Added sugar is the ingredient label describing a non nutritive calorie source in food items. The term added sugar refers to sugars and syrups mixed into food and drinks during processing and preparation and include candy, soft drinks, sports drinks, pasta and condiments. A new study has detailed that the amount of sugars added to the American Diet has increased by 30% over the last thirty years.
“Added sugars increase excess energy and reduce nutrient density in our diets, often contributing to weight gain and obesity,” said study author Elyse Powell, Royster Fellow at the University of North Carolina Chapel Hill who identified a peak in added sugar consumption from 2003-04 and then a slight decline leading up to 2009-10. “Many American adults and children are consuming so much added sugar, that despite recent declines, consumption is still well above the recommended amount.”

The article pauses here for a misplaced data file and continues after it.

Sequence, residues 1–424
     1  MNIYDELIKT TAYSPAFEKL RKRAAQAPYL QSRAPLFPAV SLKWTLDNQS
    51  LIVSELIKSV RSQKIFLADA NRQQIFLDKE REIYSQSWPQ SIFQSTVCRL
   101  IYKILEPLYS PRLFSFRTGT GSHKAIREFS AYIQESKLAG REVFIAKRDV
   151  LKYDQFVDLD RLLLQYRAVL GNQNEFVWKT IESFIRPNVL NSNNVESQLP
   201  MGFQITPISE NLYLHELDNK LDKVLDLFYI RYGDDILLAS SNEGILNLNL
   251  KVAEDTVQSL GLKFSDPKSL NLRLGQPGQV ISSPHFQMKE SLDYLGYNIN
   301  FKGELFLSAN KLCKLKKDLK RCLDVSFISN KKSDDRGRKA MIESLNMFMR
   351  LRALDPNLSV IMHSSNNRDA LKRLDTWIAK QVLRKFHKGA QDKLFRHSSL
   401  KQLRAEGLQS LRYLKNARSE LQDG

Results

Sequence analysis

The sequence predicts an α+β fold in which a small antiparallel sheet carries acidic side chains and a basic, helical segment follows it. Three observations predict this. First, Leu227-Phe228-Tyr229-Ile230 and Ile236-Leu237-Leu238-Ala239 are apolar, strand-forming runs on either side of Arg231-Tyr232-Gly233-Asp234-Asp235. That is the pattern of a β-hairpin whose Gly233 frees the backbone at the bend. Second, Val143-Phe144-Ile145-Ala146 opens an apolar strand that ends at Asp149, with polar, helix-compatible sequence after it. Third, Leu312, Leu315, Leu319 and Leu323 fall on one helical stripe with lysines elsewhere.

The term “added” is key, because there are other sugars that occur naturally in healthy, nutritious foods, such as milk and fruits.
“We’ve long known that the high amount of added sugars in our diets is concerning; and the 30% increase is only the average consumption among adult Americans,” continued Ms. Powell. “Even more alarming is the fact that the top 20% of adult consumers are eating 721 calories from added sugar per day, on average. This is equally alarming for the top 20% of children who are consuming on average 673 calories from added sugar per day”.
“Added sugars pack non-nutritive calories into foods and can lead to weight gain,” said Jason Block, MD, of Harvard Medical School speaking on behalf of The Obesity Society. “And as we work to address the issue, we also need to think about calorie (or energy) density in foods. Foods that are high in sugars and fats and lower in water content provide excess calories per unit of weight — they are referred to as energy dense foods.